Clinical Research Papers:

Body mass index and cholesterol level predict surgical outcome in patients with hepatocellular carcinoma in Taiwan - a cohort study

Ya-Ling Lee, Wan-Chun Li, Tung-Hu Tsai, Hsin-Yu Chiang and Chin-Tsung Ting _

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Oncotarget. 2016; 7:22948-22959. https://doi.org/10.18632/oncotarget.8312

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Ya-Ling Lee1,2,3,*, Wan-Chun Li3,4,5,*, Tung-Hu Tsai5,6, Hsin-Yu Chiang4 and Chin-Tsung Ting6,7

1 Institute of Public Health and Community Medicine Research Center, National Yang-Ming University, Taipei, Taiwan

2 Department of Dentistry, Taipei City Hospital, Taipei, Taiwan

3 Department of Dentistry, School of Dentistry, National Yang-Ming University, Taipei, Taiwan

4 Institute of Oral Biology, School of Dentistry, National Yang-Ming University, Taipei, Taiwan

5 Department of Education and Research, Taipei City Hospital, Taipei, Taiwan

6 Institute of Traditional Medicine, School of Medicine, National Yang-Ming University, Taipei, Taiwan

7 Division of Gastrointestinal Surgery, Department of Surgery, Ren-Ai Branch, Taipei City Hospital, Taipei, Taiwan

* These authors have contributed equally to this work

Correspondence to:

Chin-Tsung Ting, email:

Keywords: hepatocellular carcinoma, body mass index, serum cholesterol level, curative surgical resection, prognostic indicator

Received: September 21, 2015 Accepted: March 06, 2016 Published: March 24, 2016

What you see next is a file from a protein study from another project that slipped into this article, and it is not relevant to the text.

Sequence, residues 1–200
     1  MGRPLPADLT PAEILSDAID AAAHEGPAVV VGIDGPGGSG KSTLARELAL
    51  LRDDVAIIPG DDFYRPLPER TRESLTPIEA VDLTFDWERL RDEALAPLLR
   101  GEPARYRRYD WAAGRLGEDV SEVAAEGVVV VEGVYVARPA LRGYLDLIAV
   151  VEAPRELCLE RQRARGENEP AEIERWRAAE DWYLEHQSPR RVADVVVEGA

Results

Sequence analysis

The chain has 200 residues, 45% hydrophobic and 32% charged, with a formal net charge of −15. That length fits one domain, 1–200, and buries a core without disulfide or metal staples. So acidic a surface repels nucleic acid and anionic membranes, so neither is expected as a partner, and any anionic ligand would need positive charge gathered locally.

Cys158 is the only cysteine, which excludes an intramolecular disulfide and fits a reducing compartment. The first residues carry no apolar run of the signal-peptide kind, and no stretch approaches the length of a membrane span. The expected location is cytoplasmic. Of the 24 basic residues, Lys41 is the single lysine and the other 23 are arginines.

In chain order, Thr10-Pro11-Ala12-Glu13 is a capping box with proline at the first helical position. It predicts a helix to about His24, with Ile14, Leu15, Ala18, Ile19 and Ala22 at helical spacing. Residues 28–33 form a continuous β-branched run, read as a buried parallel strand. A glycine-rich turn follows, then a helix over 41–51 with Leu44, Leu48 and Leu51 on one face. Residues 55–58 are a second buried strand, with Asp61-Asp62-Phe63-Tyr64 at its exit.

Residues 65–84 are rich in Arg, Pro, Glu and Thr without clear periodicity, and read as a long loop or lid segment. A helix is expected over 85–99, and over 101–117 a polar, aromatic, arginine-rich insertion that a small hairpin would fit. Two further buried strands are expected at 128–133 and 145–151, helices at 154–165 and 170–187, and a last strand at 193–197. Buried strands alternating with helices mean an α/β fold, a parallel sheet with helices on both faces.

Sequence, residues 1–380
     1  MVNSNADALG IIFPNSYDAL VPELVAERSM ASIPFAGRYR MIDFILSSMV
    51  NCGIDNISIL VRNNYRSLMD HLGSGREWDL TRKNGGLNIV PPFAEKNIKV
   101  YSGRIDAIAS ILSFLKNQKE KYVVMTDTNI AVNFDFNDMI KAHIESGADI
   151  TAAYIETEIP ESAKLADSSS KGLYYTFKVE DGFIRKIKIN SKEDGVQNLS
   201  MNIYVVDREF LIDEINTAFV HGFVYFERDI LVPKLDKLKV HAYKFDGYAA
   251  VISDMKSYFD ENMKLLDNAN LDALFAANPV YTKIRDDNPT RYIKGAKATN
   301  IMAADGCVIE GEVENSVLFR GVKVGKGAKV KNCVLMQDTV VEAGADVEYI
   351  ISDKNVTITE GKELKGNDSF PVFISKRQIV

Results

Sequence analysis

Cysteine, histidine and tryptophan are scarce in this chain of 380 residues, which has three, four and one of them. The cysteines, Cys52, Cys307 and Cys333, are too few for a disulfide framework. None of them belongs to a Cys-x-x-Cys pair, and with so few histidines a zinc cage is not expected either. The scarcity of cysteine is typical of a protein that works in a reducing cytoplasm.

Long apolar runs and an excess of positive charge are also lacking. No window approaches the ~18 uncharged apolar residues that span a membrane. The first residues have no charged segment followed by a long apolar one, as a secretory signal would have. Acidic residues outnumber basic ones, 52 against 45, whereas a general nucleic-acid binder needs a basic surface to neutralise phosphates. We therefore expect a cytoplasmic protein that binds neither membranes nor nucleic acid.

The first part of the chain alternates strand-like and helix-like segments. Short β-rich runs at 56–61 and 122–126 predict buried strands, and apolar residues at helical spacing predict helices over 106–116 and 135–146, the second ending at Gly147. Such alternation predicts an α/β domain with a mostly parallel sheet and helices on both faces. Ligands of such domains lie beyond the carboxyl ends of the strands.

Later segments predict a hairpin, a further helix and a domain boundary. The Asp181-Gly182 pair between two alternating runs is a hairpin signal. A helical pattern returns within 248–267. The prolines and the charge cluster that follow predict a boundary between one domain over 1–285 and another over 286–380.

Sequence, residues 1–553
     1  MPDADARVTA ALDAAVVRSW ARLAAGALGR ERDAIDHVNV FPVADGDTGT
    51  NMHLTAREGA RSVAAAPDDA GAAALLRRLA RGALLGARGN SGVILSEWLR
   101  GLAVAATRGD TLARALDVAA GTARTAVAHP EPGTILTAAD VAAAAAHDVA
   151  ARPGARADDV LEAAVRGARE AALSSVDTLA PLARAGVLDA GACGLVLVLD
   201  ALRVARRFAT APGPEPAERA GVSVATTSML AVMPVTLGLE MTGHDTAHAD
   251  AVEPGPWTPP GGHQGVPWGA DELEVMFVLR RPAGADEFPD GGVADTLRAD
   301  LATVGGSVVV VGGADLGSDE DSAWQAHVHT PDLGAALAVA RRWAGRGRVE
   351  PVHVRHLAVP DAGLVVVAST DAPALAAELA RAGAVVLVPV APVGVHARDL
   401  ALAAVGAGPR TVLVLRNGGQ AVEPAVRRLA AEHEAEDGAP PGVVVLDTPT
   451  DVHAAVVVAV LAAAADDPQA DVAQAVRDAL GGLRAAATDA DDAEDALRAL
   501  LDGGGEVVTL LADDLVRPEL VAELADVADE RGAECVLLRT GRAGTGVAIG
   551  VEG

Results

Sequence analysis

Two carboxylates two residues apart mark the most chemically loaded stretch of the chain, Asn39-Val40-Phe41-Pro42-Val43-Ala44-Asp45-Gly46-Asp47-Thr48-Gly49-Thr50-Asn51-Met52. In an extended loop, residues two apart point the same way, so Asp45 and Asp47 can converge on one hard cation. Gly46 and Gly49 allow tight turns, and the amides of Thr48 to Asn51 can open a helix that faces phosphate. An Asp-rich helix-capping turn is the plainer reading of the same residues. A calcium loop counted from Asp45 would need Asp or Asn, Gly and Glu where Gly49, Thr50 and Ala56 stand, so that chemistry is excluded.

Curative surgical resection (CSR) remains the most effective therapeutic intervention for patients with hepatocellular carcinoma (HCC); however, frequent post-surgical recurrence leads to high cancer related mortality. This study aimed to clarify the role of body mass index (BMI) and serum cholesterol level in predicting post-surgical outcomes in HCC patients after CSR. A total of 484 HCC patients including 213 BMIhigh and 271 BMIlow patients were included. Overall survival (OS) and recurrence-free survival (RFS) rates were examined in patients with differential BMI and serum cholesterol level. The analysis showed that significant different 1-, 3- and 5-year cumulative OS rates (P-value=0.015) and RFS rate (P-value=0.010) between BMIlow and BMIhigh patients. Further analysis in groups with differential serum cholesterol levels among BMIlow and BMIhigh patients indicated that the BMIlow/Chollow patients exhibited the significant lower cumulative OS and RFS rates in comparison with the remaining subjects (P-value=0.007 and 0.039 for OS and RFS rates, respectively). In conclusion, the coexistence of low BMI and low serum cholesterol level could serve as prognostic factors to predict post-operative outcomes in HCC patients undergoing surgical hepatectomy.

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